Not long ago, I overheard some women saying how they were rather irritated with the Proverbs 31 woman. She was so perfect. They felt there was no way they could ever measure up. In essence, they were discouraged with their calling.
We could peruse the subject of how intimidating the Proverbs 31 woman is, but for now, let’s focus on one description of her:
The heart of her husband safely trusts in her.
We can find those words in verse 11, which in its entirety says, The heart of her husband trusts in her, and he will have no lack of gain. We could argue that a husband shouldn’t trust in a wife, but rather in God. But the husband here isn’t trusting in his wife for salvation, or other spiritual benefits that only God can supply. People trust in other people all the time. We trust the driver in front of us not to slam on his breaks so hard we don’t have time to respond before crashing into him. We trust the pilot to stay awake. We trust the loan officer not to steal our personal information and go have a heyday at the mall. You get the point. The kind of trust that is mentioned here is the trust that necessarily takes place between two people.
Husbands do have a need to trust in their wives. The reason God gave Adam a wife was to supply a helper fit for him, and a helper is not a helper if she can’t be trusted.
The duties of a wife are many. Some are the same across the board, but some are unique to each marriage. What my husband needs, perhaps your husband does not need. Some examples of wifely duties that would be the same across the board are:
-not overspending the budget (Prov. 15:27)
-respecting and obeying the husband, even if he makes a decision with which the wife doesn’t agree (I Pet. 3:1)
-making it a pattern to respond sexually (I Cor. 7:4)
-being faithful to him, emotionally and physically (Mark 10:9)
These are just a few Biblical concepts and commands to which every wife is called. Then there are unique duties that are not specifically listed in the Bible, but are still necessary to perform.
In my own marriage, Shaun trusts me to get our big meal of the day on the table by no later than noon, as he needs to be to work by 1:00. But he also trusts me to be flexible and forfeit my cooking plans if he decides he’d rather have a day out. So I may manage the meals in my marriage, but maybe your husband loves to cook and would rather manage the meals.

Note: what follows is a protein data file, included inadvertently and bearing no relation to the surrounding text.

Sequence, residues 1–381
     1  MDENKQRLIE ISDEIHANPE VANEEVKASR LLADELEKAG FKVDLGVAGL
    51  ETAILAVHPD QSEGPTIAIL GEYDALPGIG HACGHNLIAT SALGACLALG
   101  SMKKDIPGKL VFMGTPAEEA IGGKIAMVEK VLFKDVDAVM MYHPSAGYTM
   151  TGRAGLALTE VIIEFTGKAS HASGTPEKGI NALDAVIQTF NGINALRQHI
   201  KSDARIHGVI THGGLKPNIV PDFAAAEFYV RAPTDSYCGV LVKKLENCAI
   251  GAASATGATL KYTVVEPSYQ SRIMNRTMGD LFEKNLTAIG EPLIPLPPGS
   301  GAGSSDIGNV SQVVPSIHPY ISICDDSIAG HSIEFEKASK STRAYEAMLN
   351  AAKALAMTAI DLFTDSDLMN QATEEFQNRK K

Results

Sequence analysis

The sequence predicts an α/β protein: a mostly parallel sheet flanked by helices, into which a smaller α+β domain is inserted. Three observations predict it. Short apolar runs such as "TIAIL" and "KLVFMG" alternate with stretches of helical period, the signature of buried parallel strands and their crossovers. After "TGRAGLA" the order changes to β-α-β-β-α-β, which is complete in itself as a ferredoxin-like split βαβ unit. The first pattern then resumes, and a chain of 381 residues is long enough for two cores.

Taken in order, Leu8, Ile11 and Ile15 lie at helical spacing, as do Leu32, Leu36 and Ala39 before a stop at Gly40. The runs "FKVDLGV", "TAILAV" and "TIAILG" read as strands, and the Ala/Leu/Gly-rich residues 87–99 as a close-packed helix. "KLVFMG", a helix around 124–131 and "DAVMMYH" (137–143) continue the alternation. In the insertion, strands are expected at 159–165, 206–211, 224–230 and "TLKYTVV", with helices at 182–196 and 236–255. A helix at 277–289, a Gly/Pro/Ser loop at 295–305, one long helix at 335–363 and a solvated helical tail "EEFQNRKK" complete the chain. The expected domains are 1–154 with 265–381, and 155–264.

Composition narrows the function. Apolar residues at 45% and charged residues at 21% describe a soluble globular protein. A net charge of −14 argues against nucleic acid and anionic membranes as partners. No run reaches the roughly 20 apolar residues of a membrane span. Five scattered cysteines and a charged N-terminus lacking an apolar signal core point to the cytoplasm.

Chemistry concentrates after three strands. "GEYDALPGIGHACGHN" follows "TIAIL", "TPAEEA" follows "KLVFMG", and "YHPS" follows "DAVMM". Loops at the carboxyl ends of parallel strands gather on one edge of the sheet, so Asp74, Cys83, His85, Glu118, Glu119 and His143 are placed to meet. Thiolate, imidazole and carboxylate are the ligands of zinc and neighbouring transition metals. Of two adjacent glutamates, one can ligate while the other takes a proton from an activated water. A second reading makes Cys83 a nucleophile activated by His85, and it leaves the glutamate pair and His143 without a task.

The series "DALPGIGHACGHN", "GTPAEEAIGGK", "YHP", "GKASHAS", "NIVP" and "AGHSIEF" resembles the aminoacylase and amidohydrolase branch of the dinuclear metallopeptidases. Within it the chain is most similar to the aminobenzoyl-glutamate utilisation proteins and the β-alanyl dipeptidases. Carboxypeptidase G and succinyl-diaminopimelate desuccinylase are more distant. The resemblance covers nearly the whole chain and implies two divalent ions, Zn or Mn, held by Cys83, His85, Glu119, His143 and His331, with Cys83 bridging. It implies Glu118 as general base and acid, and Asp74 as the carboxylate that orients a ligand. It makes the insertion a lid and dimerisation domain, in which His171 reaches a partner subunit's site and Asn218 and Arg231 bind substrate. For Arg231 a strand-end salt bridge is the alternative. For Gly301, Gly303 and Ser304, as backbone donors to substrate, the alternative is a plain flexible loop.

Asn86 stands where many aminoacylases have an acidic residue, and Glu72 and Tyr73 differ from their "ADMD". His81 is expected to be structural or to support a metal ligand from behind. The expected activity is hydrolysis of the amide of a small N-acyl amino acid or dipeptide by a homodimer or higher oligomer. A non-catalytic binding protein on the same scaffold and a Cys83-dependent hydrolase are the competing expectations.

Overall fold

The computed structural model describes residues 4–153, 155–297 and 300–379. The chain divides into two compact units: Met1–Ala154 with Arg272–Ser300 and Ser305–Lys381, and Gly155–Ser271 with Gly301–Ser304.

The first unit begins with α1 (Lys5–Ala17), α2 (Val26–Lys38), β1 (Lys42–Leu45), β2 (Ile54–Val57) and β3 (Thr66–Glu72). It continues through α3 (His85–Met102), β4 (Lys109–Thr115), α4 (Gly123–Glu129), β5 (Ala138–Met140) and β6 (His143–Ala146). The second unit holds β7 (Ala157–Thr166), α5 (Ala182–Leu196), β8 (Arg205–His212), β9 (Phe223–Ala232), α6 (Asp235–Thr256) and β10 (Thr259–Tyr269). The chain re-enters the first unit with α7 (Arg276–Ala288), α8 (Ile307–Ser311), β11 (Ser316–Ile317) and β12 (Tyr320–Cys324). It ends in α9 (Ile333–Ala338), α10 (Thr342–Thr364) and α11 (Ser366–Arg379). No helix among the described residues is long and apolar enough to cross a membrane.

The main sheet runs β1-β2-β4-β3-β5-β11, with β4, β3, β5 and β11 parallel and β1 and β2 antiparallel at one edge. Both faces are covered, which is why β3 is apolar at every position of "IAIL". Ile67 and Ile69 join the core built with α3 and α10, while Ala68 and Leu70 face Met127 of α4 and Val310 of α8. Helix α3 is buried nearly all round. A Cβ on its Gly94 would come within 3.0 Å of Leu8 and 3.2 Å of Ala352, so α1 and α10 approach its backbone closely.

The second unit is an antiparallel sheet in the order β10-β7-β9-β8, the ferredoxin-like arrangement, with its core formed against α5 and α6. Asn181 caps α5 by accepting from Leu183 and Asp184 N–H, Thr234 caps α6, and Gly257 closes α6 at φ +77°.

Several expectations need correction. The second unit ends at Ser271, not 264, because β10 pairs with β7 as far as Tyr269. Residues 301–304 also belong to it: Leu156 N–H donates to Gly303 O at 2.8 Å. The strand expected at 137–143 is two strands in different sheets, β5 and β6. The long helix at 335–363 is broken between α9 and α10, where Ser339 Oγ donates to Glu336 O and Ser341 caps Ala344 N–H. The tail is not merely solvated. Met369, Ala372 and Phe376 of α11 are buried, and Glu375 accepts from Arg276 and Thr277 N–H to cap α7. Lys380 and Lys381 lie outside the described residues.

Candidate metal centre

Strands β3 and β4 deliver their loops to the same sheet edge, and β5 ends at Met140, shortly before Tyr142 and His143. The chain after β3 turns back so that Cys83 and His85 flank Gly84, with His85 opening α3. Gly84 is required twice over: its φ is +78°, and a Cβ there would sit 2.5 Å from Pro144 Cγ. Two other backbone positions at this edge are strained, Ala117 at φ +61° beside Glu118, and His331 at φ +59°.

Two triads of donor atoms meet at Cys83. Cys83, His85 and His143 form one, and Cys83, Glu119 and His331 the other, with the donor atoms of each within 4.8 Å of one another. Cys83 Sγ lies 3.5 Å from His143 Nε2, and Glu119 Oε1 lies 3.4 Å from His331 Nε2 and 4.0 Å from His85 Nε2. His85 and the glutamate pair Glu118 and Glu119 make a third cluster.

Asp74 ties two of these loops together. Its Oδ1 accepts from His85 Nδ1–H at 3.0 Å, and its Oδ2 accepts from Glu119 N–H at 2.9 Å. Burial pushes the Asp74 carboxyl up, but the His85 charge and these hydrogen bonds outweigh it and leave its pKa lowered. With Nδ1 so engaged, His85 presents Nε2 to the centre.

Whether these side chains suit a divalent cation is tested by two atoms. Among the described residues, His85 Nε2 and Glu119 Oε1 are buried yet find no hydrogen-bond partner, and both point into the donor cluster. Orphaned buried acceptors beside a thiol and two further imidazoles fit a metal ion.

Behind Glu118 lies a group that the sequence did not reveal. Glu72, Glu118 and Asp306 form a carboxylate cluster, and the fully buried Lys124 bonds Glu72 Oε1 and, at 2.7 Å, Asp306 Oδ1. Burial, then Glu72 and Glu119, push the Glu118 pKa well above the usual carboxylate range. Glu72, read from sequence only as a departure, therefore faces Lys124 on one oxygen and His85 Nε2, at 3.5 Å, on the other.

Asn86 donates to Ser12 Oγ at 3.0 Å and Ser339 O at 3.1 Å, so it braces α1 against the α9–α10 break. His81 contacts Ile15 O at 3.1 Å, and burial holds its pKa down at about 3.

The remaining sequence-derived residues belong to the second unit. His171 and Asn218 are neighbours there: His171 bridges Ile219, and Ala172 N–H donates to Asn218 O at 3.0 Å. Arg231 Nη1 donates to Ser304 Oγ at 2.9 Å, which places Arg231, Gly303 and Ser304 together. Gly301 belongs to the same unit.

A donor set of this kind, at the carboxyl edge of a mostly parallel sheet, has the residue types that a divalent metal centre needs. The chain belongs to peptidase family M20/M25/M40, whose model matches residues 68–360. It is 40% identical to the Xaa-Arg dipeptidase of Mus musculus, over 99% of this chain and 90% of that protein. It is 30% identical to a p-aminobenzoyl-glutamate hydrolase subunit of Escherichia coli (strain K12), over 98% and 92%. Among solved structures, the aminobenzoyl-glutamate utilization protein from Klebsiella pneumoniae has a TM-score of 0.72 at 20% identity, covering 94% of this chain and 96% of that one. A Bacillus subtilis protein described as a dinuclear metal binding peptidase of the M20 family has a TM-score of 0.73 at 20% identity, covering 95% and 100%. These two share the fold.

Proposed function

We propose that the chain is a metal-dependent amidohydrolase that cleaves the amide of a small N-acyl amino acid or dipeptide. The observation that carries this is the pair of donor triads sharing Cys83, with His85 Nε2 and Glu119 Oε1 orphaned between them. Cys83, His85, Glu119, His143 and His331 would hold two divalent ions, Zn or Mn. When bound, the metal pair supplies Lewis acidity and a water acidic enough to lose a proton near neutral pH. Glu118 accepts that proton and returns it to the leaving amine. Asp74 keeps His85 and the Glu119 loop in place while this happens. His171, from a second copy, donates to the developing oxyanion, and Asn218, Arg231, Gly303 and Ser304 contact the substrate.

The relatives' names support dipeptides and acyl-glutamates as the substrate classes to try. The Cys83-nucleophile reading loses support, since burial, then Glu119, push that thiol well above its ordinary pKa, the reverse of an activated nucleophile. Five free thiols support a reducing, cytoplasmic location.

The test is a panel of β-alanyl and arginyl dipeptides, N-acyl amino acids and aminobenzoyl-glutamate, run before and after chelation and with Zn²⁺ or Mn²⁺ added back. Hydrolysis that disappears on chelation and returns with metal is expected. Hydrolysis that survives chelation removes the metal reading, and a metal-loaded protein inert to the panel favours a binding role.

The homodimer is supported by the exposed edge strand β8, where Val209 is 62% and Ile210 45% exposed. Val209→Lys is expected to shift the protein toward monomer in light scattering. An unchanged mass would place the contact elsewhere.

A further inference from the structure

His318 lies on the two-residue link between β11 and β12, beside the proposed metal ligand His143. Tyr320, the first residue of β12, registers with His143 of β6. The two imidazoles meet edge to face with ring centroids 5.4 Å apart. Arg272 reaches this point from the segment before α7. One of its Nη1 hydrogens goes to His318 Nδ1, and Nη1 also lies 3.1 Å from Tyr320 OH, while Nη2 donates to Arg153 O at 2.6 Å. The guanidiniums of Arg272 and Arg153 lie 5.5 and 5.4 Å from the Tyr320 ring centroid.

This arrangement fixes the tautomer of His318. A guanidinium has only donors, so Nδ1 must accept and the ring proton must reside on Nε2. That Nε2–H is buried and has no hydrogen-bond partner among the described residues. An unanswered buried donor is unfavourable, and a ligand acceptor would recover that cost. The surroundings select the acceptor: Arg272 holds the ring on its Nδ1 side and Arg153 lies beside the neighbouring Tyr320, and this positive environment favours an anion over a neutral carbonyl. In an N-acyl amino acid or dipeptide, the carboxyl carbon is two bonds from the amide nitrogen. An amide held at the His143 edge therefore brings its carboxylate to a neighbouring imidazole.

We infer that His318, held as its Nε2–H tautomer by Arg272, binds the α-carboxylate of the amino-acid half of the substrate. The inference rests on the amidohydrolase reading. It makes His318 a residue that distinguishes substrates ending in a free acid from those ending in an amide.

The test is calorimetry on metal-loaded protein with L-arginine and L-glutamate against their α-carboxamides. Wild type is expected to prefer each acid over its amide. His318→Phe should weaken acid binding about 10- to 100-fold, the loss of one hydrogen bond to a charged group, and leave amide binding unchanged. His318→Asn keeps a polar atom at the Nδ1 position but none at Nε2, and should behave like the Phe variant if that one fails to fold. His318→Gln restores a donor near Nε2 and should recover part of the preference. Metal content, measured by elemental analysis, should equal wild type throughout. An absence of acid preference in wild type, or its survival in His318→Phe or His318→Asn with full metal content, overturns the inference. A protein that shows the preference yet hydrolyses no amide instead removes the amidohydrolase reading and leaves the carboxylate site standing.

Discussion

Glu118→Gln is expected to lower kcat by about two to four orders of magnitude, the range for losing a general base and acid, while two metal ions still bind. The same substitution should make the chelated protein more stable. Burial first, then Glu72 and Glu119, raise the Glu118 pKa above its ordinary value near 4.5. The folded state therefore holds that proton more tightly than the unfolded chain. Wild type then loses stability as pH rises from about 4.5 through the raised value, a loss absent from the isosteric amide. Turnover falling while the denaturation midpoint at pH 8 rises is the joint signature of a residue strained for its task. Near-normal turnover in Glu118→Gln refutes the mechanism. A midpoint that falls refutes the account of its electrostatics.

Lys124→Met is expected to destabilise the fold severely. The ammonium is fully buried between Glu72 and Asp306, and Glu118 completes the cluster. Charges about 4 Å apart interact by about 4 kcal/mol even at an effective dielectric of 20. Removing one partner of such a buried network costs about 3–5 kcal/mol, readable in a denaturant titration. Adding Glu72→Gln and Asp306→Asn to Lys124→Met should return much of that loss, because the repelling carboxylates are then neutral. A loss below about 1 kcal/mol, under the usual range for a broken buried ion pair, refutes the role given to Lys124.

Shaun trusts me to write out the checks and pay the bills on time. Shaun and I both have undertaken these tasks at different times, but at this point and time in our marriage, he prefers I do it. So I pay the bills, but perhaps your husband recognizes you’re not so swell with numbers (or whatever!), so he pays the bills.
Shaun trusts me to manage the menus, the grocery trips, the birthday gifts, Christmas gifts, etc., which includes deciding what the gift will be, and making sure it’s purchased and wrapped before the big day. Occasionally, I will need his help with the sons-in-law, in which case, Shaun will choose the gift. But I will most likely make sure whatever he chooses is ordered, arrives on time, and gets wrapped. He trusts me to do most of the footwork on these things, and to do them cheerfully and in good time. So I manage gift giving, but perhaps your husband is the talented one at gift giving, and the two of you have your own system for managing holidays and family birthdays.
This is more than acceptable. The specifics of how cooking, shopping, gift giving, bill paying, etc get done is not what I’m stressing. What I’m stressing is … does your husband’s heart trust you to respect his leadership? Do you recognize that he is the head, and you are the body? When he directs, do you whine/scream/insist on your way, or clam up and sulk (these are opposite reactions to the same problem of trying to gain control of him or the situation)? Can he trust you to support him, even if it means completing the terribly tedious task of writing out monthly checks? Or picking up and moving to another state? Does he trust you to not flirt with anyone but him, even in his absence? Does he trust you to support him in his spiritual, familial, and professional endeavors?